The Prophet reminds Us that we are not only an image of God; We are a perpetual concern of God.  Heschel captures this well when he writes: The idea of Divine Pathos adds a new dimension to human existence.  Whatever man does affects not only his own life, but also the life of God insofar as it is directed to man.  The import of man raises him beyond the level of mere creature.  He is a partner in the life of God.

For me, the Prophet reminds me (Us) that even more frustrating that the fact that evil is real is the fact that evil thrives so well in the disguise of the good, that evil can draw its nutriment from the life of the holy.  The holy and the unholy do not exist apart – they are mixed and interrelated.  Ours is a world where Idols are rich in beauty and hence where the worship of God is too often tinged with wickedness. 

It was not the lack of religion but the perversion of it that the Prophets of Israel denounced.  The Prophet reminds us that Piety is at times evil in disguise.  The Prophet strives to remind us that the symbol of God is Man, every Man.  God created all men in His image, in His likeness.  Thus each human life must be treated with the honor due to a likeness representing the Lord of Lords.  The Divine Likeness is something EACH HUMAN shares. 

Have WE forgot or have WE just simply denied that EACH of us has been created in God’s Image?  The Prophet speaks – Am I, are You, willing to listen and heed?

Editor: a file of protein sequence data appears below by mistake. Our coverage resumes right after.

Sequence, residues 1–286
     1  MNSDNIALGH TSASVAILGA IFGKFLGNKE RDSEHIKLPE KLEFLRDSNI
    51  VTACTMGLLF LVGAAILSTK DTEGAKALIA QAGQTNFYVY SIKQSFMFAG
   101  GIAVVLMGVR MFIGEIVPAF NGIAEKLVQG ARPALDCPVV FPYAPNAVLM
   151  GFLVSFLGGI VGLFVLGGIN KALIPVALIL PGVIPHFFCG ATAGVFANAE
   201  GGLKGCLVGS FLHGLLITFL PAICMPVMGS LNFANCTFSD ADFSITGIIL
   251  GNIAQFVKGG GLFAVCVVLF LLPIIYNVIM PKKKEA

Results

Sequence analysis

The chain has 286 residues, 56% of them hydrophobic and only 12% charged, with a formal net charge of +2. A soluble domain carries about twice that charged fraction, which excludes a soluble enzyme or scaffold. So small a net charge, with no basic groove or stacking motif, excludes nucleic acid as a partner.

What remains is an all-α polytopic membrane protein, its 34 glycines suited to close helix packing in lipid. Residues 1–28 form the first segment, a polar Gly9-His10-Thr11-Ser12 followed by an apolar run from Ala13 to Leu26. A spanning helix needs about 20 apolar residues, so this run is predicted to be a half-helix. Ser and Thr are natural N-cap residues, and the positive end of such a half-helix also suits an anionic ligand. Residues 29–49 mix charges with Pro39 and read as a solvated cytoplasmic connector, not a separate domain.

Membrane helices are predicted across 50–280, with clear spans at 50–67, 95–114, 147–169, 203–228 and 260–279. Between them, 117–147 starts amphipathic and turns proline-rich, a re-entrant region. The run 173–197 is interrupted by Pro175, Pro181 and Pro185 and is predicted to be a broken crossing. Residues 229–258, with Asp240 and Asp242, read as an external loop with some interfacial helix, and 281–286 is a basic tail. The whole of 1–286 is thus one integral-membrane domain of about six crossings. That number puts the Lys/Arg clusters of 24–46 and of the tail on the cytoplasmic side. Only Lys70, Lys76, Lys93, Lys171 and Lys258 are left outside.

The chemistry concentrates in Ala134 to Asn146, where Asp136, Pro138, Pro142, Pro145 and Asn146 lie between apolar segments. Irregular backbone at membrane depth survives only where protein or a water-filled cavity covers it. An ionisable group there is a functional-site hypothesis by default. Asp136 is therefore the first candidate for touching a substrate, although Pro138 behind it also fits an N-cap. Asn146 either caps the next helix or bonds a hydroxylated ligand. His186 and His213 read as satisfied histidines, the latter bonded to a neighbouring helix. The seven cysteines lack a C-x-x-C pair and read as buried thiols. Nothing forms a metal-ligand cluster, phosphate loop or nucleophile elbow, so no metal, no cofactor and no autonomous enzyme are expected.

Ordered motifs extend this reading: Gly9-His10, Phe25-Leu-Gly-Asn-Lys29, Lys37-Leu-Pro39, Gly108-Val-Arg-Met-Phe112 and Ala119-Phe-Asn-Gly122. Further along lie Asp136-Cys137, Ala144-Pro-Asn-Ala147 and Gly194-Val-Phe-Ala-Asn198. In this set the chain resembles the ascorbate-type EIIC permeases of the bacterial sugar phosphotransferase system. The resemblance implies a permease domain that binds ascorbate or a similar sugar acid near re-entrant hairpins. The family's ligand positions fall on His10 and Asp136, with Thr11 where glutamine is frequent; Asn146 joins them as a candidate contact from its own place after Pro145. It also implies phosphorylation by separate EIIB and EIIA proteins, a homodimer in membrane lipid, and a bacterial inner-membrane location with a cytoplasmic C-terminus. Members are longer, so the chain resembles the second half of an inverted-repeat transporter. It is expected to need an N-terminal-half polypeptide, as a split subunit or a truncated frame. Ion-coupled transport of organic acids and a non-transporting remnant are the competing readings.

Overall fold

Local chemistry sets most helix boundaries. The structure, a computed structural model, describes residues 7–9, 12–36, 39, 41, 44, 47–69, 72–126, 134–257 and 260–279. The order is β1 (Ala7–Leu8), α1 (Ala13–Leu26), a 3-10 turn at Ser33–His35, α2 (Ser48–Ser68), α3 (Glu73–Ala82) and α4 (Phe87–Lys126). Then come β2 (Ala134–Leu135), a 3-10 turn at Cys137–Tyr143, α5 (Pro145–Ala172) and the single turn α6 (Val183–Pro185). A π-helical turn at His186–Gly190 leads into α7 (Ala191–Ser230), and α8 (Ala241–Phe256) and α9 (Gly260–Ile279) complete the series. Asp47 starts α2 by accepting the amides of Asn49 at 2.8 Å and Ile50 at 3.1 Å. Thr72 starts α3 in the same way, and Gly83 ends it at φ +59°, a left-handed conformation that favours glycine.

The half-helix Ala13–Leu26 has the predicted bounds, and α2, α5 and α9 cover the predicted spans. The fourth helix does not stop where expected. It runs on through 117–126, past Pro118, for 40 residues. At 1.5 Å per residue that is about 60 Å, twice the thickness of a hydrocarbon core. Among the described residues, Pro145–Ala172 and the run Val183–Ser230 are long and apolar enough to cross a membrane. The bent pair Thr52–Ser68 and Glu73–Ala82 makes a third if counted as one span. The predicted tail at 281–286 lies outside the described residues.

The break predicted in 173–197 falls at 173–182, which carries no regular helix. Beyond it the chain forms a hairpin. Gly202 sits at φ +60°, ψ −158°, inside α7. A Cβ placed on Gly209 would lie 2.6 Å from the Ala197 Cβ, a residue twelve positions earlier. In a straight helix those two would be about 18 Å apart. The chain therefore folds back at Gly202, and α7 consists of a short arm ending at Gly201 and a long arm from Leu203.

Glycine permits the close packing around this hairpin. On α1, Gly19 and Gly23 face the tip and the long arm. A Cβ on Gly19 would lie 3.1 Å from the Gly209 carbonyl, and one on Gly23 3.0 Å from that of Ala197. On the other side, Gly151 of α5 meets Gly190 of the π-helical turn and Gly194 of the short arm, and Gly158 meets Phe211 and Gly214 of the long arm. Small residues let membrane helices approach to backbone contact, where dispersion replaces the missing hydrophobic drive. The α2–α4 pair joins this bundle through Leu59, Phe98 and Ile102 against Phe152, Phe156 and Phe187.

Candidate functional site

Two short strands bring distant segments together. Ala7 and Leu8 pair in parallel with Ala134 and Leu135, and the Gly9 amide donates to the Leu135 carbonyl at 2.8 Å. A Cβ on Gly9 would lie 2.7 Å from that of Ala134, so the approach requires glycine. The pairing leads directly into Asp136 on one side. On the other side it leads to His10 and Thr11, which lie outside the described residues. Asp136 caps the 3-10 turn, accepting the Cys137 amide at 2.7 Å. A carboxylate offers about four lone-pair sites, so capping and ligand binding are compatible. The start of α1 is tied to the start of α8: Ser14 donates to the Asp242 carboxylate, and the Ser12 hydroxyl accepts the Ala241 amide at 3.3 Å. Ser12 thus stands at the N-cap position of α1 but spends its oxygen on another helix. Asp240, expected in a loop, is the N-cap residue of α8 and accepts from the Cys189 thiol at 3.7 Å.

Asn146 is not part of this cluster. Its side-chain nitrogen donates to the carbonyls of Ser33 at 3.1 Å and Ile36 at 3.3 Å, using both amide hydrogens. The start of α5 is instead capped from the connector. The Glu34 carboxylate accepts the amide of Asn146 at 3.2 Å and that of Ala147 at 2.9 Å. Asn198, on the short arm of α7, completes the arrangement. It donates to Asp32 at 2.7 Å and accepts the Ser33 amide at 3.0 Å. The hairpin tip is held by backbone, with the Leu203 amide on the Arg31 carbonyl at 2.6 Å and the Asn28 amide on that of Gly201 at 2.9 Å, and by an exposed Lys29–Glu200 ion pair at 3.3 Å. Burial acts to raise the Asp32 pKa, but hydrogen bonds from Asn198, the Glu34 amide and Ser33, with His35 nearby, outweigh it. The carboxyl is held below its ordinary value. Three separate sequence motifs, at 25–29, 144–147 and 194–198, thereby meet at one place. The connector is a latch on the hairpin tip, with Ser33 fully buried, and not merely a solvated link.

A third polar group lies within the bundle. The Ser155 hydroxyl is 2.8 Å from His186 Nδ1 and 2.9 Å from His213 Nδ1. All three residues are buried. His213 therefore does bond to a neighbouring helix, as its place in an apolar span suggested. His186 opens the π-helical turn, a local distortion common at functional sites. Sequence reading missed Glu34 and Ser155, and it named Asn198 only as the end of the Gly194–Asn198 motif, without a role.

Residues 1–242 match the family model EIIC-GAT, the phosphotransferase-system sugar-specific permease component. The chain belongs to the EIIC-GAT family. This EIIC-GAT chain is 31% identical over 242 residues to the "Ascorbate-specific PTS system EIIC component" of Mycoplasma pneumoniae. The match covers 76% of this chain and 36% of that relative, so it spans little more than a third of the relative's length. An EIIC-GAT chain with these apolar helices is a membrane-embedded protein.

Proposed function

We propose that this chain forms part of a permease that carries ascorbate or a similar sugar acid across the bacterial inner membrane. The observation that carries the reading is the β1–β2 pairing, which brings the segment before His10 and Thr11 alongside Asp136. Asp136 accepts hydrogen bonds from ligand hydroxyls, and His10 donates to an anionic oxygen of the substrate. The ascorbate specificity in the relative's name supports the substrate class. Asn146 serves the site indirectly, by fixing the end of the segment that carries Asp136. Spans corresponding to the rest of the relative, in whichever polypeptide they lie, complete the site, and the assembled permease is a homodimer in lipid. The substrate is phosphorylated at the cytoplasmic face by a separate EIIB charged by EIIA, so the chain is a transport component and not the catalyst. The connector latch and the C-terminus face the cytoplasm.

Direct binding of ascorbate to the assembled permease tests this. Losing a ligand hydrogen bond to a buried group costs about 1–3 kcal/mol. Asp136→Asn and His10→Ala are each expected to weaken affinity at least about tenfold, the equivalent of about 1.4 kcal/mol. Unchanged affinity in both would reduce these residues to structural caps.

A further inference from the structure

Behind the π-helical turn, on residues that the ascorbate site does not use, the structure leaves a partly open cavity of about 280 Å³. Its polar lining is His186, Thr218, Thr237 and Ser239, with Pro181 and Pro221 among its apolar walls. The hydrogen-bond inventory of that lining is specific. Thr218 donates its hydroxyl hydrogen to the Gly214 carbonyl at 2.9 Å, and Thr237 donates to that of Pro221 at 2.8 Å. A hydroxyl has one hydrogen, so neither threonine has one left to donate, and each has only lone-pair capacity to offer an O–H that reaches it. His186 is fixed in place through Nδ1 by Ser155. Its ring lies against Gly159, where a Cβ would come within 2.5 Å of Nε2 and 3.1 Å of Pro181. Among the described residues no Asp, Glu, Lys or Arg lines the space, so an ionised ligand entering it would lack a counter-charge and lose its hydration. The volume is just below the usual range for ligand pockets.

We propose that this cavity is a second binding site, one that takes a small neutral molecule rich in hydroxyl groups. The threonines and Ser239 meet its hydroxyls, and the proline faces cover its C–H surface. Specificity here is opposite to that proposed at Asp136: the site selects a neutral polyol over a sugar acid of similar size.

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CONSIDER ‘PROPHETS,’ PART I

To a person endowed with prophetic sight, everyone else appears blind; to a person whose ear perceives God’s voice, everyone else appears deaf. –Rabbi Abraham Joshua Heschel

During this past year or so I have been immersing myself in Rabbi Abraham Joshua Heschel’s powerful treatise, The Prophets.  I have decided to share with you, Gentle Reader, some of what has been emerging into my consciousness during this time of immersion (I call it ‘taking a deep dive into the deep undercurrents’).  I will also be offering you some of Heschel’s own words.

The Prophet embraces God’s invitation and challenge (or is it a demand) to straighten out man’s ways.  To those experiencing the Prophet, the Prophet is strange, one-sided, often an unbearable extremist. 

Most of us, if we are awake and aware, suffer from existential loneliness.  The Prophet, however, is overwhelmed by the grandeur of the Divine Presence.  For the Prophet the realness of God comes first and the challenge is how to live in a way compatible with God’s Presence.  As Heschel notes: Man’s coexistence with God determines the course of history.  I experience Heschel’s words as both challenging and disturbing.